AI is Stuck in 400 BC

The fourth century BC witnessed the height of Greece: Plato was writing the bane of intro to philosophy. And while many may be familiar with the Allegory of the Cave, the core assumptions behind modern artificial intelligence were also being produced.

Plato’s Theory of Forms had an enormous impact on western philosophy. Today it gives us insight into the intuition behind algorithms that make modern AI’s tick—machine learning—and many of the grand challenges facing machine learning researchers today have analogues in the insufficiencies of the Theory of Forms.

Simplified, the Theory of Forms goes something like this:

I have this collection of things, say elephants. Some of them are small, or have a broken tusk. Some are from Asia, some from Africa, but they’re all elephants. We say that each elephant is an instantiation of a form. The form being that of an elephant, with all of the properties of elephant-ness idealized to one canonical elephant: big, gray, mammal, with tusks and a trunk.

And although the canonical elephant does not exist in reality, it’s an intuitively pleasing concept, so much so that we implicitly teach children using some variation on Plato’s forms. Here’s a bunch of pictures of elephants, and here’s a bunch of pictures of zebras. Children can quickly recognize the pattern of properties that make an elephant an elephant, which is what we wanted to convey in the first place. It would be rather difficult to instead exhaustively list off the properties that make an elephant an elephant as opposed to say, a hippo.

This method of learning is the basis for modern image recognition algorithms. I tell the algorithm, “here’s a bunch of a pictures of elephants (e.g. Fig. 1); now, sort through them and find the pattern that’s common to all of them.” I test the algorithm, giving it pictures it hasn’t seen before, and when I’m satisfied with the results, I declare victory and ship an elephant-identifying AI.

What ends up happening under the algorithmic hood, however, is like a statistical approximation of Plato’s Forms. At a high level the algorithm turns the image into a patchwork of numbers and automates the process of statistical evaluation on various patterns in the picture: the relative frequencies of certain colors and shapes for example.

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Fig. 2: Vectorized samples of ImageNet data over their first three principal components.

In the case of image classification using a convolutional neural network, the data, vectorized images (literally lists of thousands of pixel intensities) are initially a scrambled mess (Fig. 2). If we take the first three principal components of the input data, say images of mortarboards, soccer balls, and bow ties (all very different items), the vectorized versions of these images don’t readily follow any discernible pattern.  But after we apply a learned composition of non-linear functions to our data, i.e. the neural network, we find that in the first principle components, our data clearly follows a readily distinguishable pattern (Fig. 3).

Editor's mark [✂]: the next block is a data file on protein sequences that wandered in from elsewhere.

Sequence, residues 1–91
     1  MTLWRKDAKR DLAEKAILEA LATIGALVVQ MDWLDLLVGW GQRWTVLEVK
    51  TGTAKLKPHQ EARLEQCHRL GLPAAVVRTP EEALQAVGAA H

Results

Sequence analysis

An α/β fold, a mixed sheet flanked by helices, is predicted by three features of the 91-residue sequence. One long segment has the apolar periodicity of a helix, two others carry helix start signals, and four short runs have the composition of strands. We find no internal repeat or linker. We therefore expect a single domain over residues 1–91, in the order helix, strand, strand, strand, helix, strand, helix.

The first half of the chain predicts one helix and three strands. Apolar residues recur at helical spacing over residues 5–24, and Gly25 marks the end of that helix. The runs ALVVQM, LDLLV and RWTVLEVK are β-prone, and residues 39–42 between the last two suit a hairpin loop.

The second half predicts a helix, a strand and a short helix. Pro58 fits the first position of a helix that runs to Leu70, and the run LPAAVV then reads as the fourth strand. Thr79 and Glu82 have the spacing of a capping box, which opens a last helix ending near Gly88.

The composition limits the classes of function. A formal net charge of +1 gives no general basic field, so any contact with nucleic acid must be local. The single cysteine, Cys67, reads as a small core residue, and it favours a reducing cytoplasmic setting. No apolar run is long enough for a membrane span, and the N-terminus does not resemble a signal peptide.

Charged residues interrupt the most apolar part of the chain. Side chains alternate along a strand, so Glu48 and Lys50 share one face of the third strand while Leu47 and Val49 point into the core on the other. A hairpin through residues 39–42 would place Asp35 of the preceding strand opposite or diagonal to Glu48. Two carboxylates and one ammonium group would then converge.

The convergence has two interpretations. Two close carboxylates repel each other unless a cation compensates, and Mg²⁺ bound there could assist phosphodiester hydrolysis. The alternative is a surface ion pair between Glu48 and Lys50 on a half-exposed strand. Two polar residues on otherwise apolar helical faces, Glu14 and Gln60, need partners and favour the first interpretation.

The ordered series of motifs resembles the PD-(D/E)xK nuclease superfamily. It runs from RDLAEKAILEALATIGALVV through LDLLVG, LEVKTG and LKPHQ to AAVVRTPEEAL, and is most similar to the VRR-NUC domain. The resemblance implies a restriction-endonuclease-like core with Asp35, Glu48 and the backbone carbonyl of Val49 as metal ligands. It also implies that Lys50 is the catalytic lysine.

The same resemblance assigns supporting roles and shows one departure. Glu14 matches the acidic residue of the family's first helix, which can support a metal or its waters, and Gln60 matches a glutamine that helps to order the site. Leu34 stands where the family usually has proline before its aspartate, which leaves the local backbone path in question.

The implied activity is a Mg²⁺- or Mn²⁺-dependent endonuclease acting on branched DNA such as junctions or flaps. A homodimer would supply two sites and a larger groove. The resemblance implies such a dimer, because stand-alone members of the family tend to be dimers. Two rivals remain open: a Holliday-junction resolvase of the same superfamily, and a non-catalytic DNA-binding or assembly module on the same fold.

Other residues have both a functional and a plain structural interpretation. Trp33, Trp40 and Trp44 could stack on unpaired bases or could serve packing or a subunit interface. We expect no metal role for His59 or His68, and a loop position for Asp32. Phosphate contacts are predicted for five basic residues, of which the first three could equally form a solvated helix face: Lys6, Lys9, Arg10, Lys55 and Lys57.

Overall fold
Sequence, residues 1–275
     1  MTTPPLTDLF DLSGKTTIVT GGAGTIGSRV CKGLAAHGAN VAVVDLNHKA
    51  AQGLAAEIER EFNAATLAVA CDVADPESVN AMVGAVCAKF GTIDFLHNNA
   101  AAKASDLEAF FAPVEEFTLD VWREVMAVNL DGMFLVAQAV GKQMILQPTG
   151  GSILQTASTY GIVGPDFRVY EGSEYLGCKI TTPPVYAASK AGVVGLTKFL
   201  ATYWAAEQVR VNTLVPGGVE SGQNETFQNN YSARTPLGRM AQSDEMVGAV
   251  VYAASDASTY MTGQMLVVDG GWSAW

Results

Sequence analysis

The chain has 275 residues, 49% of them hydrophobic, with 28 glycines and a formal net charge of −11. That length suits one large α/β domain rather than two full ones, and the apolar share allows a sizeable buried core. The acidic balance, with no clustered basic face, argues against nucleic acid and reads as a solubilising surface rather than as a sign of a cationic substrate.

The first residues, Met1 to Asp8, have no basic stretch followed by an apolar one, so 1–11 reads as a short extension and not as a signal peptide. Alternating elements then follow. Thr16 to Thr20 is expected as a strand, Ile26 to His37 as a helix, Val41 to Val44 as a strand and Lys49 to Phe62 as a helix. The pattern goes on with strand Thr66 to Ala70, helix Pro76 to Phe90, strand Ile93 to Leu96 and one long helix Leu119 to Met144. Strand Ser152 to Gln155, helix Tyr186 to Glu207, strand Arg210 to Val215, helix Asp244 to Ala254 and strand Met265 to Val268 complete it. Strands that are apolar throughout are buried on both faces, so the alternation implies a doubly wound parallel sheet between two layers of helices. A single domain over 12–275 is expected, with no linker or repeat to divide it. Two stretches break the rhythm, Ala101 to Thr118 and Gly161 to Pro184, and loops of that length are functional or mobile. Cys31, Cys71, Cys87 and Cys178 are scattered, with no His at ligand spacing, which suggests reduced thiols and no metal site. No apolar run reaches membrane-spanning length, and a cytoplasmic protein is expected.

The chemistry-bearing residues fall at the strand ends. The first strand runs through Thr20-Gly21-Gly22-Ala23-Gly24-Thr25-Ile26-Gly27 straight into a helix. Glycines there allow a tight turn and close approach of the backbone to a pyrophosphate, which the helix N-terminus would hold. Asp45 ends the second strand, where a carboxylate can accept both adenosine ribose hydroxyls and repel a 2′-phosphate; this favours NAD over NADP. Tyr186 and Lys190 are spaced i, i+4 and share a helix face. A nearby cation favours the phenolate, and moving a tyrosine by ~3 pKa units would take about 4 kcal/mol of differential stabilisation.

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Fig. 3: Linearly separable image data from ImageNet in the final layer of a convolutional neural network tasked with classifying images by the primary object in it.

These regions of the transformed image space can be thought of as a non-unique approximation of where instantiations of object forms exist. The centroids of these clusters would be approximations of the ideal or canonical form itself, subject to the choice of representation (vectorized digital images in this case). In a sense, modern image recognition algorithms execute a statistical adaptation of Plato’s Forms. If I had every possible sample of a true soccer-ball I could characterize the entire region of soccer-ball space in vector representation, but thanks to statistics and the Law of Large Numbers for example, I only need a finite set of samples to get a decent idea of what the region looks like, e.g. Fig. 3.

But herein lies the problem. Plato’s Forms presented a number of problems (famously, the Third Man Argument, given by Plato himself), and if AI algorithms are ever to transcend, it needs to shed the limitations of its philosophy. We can poke holes in Forms by asking things like “how much do I need to take away from an elephant before its not an elephant anymore?”. Practically speaking, this is precisely what’s going on when an image recognition algorithm mistakes humans for animals, and not without serious social and economic consequences.

Regardless, the AI hype machine waxes prophetic about interpretability and representation learning in truly unsupervised settings given the current philosophy driving the statistics of AI. “Cars will drive themselves!” While there is indeed plenty of valuable ground still to be broken by current iterations of AI machinery, computer scientists should perhaps be thinking ahead in a more philosophical sense. Many scientists are calling for more ontological information or prior systematic knowledge being baked into machine learning algorithms, much like the rule or decision-based systems of early AI. While some computer scientists tend to roll their eyes at such suggestions (NLP, anyone?), perhaps this is a symptom of a critical metaphysical limitation of AI as it applies to representing and creating knowledge.

Modern machine learning algorithms are a fantastic vindication of Plato’s work and philosophy in general, but in order to advance the field of AI we should take a lesson from Plato himself and challenge the underlying philosophy.

P.S. If any students of philosophy find any egregious errors please feel free to slap me with your keyboard in the comments section.

 

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